MIT is researching new methods of how to produce medicines more efficiently in case of disease breakouts that require mass amounts of pills to be dumped and would act as a portable assembly line for creating new drugs on demand.
In a new report named On-Demand continuous-flow production of pharmaceuticals in compact, reconfigurable system written by a host of engineers at MIT, "a fridge sized box" is reportedly the next step into meeting these goals.
In the abstract, the team writes:
Commodity chemicals tend to be manufactured in a continous fashion. However, the preparation of pharmaceuticals still proceeds batch by batch, partly on account of the complexity of their molecular structure. Adamo et al. present an appartus roughly the size of a household refrigerator that can synthesize and purify pharamceuticals under continous-flow conditions. The integrated set of modules can produce hundreds to thousands of accumulated doses in a day, delivered in aqeous solution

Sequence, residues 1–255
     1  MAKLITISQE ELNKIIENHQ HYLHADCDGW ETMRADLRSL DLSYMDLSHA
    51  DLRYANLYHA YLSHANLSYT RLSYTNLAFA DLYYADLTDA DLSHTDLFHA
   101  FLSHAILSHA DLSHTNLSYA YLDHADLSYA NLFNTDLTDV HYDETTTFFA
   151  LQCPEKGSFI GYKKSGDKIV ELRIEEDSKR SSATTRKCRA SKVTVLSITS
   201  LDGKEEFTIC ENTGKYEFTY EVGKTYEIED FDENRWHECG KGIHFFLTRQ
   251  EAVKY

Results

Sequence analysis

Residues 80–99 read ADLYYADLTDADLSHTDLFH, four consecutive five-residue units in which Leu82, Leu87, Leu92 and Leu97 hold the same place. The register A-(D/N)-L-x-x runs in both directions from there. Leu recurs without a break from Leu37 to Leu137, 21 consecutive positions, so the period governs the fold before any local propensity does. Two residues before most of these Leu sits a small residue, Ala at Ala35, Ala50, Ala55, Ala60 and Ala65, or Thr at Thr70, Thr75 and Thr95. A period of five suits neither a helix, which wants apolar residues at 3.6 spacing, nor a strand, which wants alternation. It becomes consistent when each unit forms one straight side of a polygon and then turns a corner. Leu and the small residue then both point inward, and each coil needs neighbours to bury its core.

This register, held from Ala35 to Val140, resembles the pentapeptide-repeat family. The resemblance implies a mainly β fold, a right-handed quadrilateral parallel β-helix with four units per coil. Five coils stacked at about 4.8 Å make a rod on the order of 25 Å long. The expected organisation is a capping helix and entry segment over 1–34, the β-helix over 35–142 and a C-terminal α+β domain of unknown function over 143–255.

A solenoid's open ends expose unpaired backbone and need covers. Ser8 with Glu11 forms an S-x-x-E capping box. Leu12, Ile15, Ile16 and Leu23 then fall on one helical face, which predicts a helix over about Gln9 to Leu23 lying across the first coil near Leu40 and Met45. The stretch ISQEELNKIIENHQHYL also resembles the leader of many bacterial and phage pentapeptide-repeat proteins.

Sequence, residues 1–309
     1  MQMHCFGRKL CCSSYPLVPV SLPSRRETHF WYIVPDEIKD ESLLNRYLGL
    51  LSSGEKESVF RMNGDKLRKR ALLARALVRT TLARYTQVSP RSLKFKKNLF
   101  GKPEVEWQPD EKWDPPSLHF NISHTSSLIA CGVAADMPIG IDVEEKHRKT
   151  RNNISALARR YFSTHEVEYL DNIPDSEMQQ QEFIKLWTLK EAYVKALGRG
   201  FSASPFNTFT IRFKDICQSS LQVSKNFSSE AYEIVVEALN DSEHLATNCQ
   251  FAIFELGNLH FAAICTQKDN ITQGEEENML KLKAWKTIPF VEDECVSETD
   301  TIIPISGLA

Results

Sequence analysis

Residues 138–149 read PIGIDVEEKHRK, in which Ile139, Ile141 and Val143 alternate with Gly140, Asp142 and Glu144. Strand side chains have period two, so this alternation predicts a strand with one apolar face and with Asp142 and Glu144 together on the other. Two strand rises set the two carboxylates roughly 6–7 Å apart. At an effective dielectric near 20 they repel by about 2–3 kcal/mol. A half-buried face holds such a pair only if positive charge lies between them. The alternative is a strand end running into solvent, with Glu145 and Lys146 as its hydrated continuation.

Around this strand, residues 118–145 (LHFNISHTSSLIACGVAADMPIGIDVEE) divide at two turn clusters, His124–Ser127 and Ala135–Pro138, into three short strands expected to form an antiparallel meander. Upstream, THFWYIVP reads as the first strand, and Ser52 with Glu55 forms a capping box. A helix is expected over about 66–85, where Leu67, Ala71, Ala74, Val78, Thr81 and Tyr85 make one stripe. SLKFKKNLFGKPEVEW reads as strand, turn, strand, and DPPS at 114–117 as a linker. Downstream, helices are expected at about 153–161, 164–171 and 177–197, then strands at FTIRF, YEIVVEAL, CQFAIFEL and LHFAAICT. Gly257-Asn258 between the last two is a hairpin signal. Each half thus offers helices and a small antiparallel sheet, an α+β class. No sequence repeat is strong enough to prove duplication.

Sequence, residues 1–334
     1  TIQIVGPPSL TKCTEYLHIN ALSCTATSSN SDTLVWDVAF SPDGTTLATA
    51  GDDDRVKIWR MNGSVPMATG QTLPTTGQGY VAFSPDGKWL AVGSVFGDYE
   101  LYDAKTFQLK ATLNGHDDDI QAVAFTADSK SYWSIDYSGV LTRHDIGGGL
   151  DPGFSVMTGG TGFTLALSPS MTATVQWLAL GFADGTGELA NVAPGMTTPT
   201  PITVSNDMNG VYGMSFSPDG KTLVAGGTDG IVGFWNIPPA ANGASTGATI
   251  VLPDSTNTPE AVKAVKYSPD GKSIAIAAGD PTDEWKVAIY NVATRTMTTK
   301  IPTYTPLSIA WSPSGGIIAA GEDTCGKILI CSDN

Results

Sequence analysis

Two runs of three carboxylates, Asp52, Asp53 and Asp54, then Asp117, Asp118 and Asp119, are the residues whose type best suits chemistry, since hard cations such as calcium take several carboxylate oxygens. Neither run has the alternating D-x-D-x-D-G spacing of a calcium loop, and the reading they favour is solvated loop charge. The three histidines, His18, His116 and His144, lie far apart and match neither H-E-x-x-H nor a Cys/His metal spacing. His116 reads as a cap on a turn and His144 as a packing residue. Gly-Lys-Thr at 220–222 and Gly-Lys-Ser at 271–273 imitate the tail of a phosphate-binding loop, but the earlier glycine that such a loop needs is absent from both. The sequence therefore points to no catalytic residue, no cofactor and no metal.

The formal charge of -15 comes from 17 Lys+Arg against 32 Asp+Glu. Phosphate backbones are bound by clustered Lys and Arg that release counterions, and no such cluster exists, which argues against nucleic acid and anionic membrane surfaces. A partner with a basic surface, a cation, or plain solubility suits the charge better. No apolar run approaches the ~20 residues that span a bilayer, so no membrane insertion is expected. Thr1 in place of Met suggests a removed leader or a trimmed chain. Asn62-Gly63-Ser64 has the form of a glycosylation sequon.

Producing pharmaceuticals is currently a long process due to the amount of chemical engineering that occurs at more than one venue. If there are any problems at any of the plants where pharmaceuticals are manufactured, it can slow the process down.
The researchers at MIT say that in the future this will not be a problem if their self-contained assembly line gains popularity. According to TechnologyReview.com, the machine can currently produce Benadryl, Valium, and Prozac. For now, these are the only drugs that will be accommodated due to the U.S. Defense Department funding the project, ensuring that only drugs available in Medic pack's would be available.
Klavs Jensen, a professor of chemical engineering and materials science and engineering at MIT is confident batch processing with continuous-flow technology is the way forward. He emphasized the cost benefits to making them with the machine, saying it would be far more economical. Jensen says, "The goal of this project was to build a small-scale, portable unit that was completely integrated, so you could imagine being able to ship it anywhere. And as long as you had the right chemicals, you could make pharmaceuticals."
Allan Myerson, an MIT professor of the practice in the Department of Chemical Engineering said: "Think of this as the emergency backup for pharmaceutical manufacturing. The purpose is not to replace traditional manufacturing: it's to provide an alternative for these special situations."
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